A group in Iraq, called The Islamic State of Iraq and the Levant, has appeared as the leader of the jihadi movement in the last few years. The group originates from al-Qa’ida, a group that was founded by Osama bin Laden. Formed from al-Qa’ida in 2010, ISIS is led by Abu Bakr al-Baghdadi (Cockburn). The group has tightened its grip on Iraq and Syria, spreading the land on which it enforces Sharia law.
ISIS has called attention to itself from the media in recent months because of its growth and power. The group utilizes untrained foreign volunteers to perform its dirty work like suicide bombings. ISIS always attacks quickly and viciously, leaving a large death toll on the areas it attacks and accumulating few deaths of members. Although the group formed from al-Qa’ida, it is more experienced and successful than al-Qa’ida. The group carefully rose to power with campaigns against the Shia- dominated government in Iraq. ISIS showed its potential through events like the Abu Ghraib attack last year, in which it attacked the prison to release powerful leaders (Cockburn). Sunni Muslims support the use of violent action because of the lack of attention they have received since Saddam Hussein’s loss of power.
ISIS’s leader, Abu Bakr al-Baghdadi, became the leader of al-Qa’ida in 2010 after its leaders died in an attack by US troops (Cockburn). He is a very organized leader and has even issued “detailed annual reports” recording “operations in each Iraqi province” (Cockburn). He demands secrecy among his soldiers so that when asked, they state that they have never met him.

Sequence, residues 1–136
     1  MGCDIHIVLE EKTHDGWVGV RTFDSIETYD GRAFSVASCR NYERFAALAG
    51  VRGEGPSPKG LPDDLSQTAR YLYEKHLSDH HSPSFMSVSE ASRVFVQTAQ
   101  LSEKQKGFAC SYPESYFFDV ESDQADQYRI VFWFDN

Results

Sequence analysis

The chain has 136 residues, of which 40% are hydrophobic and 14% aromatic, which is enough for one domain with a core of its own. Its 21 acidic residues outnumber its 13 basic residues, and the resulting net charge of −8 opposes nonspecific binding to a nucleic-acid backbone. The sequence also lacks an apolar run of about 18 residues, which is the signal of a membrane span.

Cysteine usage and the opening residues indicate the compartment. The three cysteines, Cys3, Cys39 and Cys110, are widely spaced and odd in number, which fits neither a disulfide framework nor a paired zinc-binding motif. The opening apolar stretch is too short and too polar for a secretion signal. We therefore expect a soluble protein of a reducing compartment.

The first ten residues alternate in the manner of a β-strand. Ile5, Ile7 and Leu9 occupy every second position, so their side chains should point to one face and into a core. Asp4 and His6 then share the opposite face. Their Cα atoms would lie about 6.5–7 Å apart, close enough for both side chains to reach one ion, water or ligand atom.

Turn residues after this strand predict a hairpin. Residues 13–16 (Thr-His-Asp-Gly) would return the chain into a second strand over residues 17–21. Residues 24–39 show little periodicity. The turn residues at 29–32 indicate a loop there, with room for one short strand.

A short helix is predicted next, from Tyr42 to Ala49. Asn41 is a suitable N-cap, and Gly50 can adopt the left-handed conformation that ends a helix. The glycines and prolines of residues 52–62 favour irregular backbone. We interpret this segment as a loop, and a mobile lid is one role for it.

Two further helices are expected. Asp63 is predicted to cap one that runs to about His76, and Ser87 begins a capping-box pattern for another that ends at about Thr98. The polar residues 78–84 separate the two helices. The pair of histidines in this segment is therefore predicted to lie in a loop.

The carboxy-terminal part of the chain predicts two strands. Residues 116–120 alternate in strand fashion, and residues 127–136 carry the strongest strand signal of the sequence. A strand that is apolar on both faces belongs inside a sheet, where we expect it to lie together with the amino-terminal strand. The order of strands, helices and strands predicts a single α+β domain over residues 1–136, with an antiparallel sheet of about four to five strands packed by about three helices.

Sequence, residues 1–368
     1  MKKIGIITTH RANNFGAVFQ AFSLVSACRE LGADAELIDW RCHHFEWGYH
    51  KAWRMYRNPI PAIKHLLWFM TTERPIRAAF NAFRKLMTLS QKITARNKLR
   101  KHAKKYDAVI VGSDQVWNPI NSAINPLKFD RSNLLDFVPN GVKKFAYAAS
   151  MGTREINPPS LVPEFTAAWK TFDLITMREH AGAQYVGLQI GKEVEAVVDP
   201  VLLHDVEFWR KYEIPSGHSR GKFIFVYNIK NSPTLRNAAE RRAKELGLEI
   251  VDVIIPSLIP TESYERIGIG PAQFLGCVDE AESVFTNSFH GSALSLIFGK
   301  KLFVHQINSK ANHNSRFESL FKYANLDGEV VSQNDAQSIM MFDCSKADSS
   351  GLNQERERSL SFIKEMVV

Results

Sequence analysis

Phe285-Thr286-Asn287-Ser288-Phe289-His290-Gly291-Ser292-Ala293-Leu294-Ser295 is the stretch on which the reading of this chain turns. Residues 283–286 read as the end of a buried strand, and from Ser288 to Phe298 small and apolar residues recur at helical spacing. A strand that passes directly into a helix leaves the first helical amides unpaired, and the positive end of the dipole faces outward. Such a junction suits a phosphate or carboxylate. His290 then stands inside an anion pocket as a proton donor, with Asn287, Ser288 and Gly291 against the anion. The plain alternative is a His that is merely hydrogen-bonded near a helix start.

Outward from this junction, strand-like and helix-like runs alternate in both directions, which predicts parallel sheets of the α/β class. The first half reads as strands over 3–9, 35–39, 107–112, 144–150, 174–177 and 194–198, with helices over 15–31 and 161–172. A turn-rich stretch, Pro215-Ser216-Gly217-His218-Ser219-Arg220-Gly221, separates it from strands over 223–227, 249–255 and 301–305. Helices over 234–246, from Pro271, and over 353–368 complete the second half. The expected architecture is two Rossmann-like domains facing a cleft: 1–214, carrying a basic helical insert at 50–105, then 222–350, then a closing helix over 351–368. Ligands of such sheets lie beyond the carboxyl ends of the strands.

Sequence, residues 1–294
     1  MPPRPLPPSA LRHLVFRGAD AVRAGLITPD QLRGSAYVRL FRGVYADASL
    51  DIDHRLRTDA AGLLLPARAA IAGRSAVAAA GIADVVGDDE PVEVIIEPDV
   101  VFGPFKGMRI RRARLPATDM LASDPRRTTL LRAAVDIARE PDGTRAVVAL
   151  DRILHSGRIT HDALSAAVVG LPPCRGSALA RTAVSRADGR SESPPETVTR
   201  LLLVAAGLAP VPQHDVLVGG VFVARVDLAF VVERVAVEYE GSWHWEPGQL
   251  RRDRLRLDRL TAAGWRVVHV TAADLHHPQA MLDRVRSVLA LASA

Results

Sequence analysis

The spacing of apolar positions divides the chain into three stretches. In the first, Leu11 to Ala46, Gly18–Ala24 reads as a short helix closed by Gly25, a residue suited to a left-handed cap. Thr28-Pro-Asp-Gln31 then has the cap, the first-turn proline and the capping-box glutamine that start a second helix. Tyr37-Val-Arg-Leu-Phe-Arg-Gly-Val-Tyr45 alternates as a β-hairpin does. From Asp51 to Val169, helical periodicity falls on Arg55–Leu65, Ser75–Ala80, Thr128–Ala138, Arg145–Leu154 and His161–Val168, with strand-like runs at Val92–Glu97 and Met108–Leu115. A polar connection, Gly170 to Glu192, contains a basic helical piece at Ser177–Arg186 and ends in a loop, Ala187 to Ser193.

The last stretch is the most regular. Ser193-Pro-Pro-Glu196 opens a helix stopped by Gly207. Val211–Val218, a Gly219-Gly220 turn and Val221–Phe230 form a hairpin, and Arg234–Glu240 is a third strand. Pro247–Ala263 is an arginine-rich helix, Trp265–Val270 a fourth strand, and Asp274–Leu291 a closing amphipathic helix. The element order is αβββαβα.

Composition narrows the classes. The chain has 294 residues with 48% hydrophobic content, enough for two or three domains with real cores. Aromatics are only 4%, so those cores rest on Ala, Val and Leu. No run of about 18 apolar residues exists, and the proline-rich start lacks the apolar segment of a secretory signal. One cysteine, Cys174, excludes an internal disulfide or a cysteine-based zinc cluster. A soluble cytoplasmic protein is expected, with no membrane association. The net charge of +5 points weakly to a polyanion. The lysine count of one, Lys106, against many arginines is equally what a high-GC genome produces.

The group obtains money through theft and by threatening businesses. It has obtained and continues to obtain money through oil ransoms. With the money the group is collecting, which is said by Tim Lister of CNN to be 600,000 British pounds (985,653 US dollars) per day. The group uses this money to pay its members and purchase military equipment for its forces. The group has been installed in Syria since 2011 and has increased violence and occupation since. It added “al Sham” to its name after seizing control over parts of Syria, evolving from ISI to ISIS.
According to Matthew Olsen, a counter-terrorism official, ISIS “is not invincible” and can be mastered with and international partnership using “tools to defeat ISIS based on a determined and comprehensive all-of-government approach” (Johnston). Although the group has risen to a horrifying level of power and taken control over a vast area of Syria and Iraq, there is hope that organized, cooperative force can knock the extremist group from power.
Cockburn, Patrick. “Who Are Isis? The Rise of the Islamic State in Iraq and the Levant.” The Independent. Independent Digital News and Media, 16 June 2014. Web. 04 Sept. 2014.
Johnston, Ian. “The Rise of Isis: Terror Group Now Controls an Area the Size of Britain, Expert Claims.” The Independent. Independent Digital News and Media, 03 Sept. 2014. Web. 04 Sept. 2014.
Lister, Tim. “ISIS: The First Terror Group to Build an Islamic State?” CNN. Cable News Network, 01 Jan. 1970. Web. 01 Sept. 2014.